Neuroendocrine tumors (NETs) are rare cancers found in only about 2% of all individuals diagnosed with cancer each year. There are many varieties, with carcinoid being the most common one. NETs often release certain hormone-like substances into the bloodstream. Most cancers cause symptoms only in the organs they start in or spread to but carcinoid can cause symptoms throughout the body. NETs may appear almost anywhere, but they are most often found in the abdominal region, pancreas and lungs. Because symptoms resemble those of other diseases, such as irritable bowel syndrome and Crohn’s disease, they are often misdiagnosed for years. However, advances in treatment have improved the length of survival in carcinoids and other NETs.
The first type of Peptide ReceptorTherapy (PRRT) approved by the U.S. and the European is Lutathera® (177Lutetium 177Lu-DOTATATE).
Sources: Norcalcarcinet.org, UCLAhealth.org
(Courtesy of Prof. Dr. Richard P. Baum, Zentralklinik Bad Berka, Germany) Cure of liver metastases from neuroendocrine pancreatic cancer using intra-arterial peptide receptortherapy (PRRNT) shown here before treatment (on the left), one year after application of three cycles of Yttrium-90 somatostatin analogue (middle) and more than 5 years after the first image following the administration of an additional single systemic course of Lutetium-177 somatostatin analogue.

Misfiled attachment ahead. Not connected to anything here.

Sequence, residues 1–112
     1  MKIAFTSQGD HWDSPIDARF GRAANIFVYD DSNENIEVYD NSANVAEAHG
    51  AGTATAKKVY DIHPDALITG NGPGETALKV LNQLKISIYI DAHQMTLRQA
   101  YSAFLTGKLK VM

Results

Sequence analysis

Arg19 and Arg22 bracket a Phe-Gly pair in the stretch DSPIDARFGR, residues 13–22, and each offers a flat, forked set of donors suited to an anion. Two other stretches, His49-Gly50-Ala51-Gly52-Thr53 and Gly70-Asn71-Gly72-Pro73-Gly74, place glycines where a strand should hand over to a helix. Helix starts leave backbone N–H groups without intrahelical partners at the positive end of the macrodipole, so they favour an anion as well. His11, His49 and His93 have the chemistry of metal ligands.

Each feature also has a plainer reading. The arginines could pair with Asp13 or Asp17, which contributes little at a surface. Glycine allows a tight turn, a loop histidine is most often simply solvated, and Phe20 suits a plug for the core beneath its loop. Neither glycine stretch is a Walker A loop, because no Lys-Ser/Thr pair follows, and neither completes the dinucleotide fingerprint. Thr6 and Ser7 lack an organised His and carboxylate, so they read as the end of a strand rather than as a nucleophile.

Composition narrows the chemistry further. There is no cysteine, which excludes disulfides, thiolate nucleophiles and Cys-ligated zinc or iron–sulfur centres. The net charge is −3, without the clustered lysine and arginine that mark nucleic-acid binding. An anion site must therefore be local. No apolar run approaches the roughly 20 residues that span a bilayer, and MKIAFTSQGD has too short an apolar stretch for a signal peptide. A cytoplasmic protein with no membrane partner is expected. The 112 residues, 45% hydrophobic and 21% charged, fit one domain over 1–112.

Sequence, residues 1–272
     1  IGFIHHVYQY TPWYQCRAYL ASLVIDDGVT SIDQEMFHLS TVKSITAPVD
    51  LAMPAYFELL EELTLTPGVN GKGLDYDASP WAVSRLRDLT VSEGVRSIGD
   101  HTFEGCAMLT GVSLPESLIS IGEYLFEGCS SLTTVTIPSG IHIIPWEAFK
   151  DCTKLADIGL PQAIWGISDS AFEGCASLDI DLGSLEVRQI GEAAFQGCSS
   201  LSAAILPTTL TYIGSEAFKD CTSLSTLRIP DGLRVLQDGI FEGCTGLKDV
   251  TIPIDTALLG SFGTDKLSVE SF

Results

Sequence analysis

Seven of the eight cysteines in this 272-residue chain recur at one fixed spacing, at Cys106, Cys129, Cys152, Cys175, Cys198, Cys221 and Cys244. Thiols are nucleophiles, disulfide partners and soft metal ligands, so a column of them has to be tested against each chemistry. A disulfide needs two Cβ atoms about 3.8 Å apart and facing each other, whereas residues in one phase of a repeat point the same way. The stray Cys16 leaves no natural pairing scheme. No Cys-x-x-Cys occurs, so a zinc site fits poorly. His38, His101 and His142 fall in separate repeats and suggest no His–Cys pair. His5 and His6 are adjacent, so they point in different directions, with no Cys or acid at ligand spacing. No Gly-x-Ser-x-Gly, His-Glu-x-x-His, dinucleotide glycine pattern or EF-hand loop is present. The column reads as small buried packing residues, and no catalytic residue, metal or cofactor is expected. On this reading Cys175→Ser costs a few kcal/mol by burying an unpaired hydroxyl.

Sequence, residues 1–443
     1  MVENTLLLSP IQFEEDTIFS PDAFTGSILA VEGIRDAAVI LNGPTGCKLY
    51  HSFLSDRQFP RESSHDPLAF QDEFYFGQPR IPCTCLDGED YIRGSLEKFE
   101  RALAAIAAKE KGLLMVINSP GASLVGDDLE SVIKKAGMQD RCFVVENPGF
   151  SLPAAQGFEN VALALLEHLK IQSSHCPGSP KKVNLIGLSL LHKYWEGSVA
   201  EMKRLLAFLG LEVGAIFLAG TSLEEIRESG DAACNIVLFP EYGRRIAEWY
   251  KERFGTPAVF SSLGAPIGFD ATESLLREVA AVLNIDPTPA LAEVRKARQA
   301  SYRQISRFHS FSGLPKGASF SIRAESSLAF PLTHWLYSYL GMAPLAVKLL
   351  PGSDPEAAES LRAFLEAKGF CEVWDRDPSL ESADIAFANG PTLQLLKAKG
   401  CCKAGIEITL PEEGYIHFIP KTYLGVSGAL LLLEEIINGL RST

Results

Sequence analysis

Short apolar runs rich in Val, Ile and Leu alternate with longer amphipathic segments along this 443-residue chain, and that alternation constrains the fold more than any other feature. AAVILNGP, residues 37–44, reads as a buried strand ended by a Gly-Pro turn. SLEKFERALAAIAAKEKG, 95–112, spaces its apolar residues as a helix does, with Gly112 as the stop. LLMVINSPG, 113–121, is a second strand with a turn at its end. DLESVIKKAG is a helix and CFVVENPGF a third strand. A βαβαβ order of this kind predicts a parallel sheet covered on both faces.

Compassionate Use Program (CUP)
CUP enables patients with life-threatening diseases, such as advanced cancer, to resort to experimental treatments when standard anti-cancer solutions and access to clinical trials are not an option. Access to CUP programs depends on local regulations and can vary from one treatment to another.
Ask your referring physicians for more information regarding CUP.